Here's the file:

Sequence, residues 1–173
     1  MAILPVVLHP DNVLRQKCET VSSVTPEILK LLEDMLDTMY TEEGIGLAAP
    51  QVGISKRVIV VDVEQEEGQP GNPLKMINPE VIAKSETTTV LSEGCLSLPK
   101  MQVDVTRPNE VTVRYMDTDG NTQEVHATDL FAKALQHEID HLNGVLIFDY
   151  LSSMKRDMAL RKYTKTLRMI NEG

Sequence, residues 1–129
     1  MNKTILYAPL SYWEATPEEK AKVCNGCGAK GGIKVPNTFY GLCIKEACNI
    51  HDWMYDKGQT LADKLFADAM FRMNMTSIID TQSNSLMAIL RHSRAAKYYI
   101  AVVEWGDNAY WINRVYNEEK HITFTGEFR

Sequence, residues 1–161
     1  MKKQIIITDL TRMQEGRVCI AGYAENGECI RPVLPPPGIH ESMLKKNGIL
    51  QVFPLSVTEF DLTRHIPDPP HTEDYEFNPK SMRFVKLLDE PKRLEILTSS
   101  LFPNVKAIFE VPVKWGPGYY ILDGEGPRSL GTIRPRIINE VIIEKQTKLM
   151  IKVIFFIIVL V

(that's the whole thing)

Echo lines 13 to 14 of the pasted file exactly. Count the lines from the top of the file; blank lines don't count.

   101  LFPNVKAIFE VPVKWGPGYY ILDGEGPRSL GTIRPRIINE VIIEKQTKLM
   151  IKVIFFIIVL V